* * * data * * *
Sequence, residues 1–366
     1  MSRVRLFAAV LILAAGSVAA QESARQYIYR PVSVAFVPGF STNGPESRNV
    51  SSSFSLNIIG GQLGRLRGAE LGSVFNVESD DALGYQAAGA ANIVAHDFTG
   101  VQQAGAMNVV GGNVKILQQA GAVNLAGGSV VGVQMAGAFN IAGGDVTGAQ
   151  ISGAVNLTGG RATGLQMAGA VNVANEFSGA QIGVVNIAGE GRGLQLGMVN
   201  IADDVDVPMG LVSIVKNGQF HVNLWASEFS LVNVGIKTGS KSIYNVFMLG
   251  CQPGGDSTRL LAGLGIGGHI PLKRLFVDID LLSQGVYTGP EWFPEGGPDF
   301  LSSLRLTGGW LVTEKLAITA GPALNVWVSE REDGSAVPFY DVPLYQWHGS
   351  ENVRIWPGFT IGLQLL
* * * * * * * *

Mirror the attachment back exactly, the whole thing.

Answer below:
Sequence, residues 1–366
     1  MSRVRLFAAV LILAAGSVAA QESARQYIYR PVSVAFVPGF STNGPESRNV
    51  SSSFSLNIIG GQLGRLRGAE LGSVFNVESD DALGYQAAGA ANIVAHDFTG
   101  VQQAGAMNVV GGNVKILQQA GAVNLAGGSV VGVQMAGAFN IAGGDVTGAQ
   151  ISGAVNLTGG RATGLQMAGA VNVANEFSGA QIGVVNIAGE GRGLQLGMVN
   201  IADDVDVPMG LVSIVKNGQF HVNLWASEFS LVNVGIKTGS KSIYNVFMLG
   251  CQPGGDSTRL LAGLGIGGHI PLKRLFVDID LLSQGVYTGP EWFPEGGPDF
   301  LSSLRLTGGW LVTEKLAITA GPALNVWVSE REDGSAVPFY DVPLYQWHGS
   351  ENVRIWPGFT IGLQLL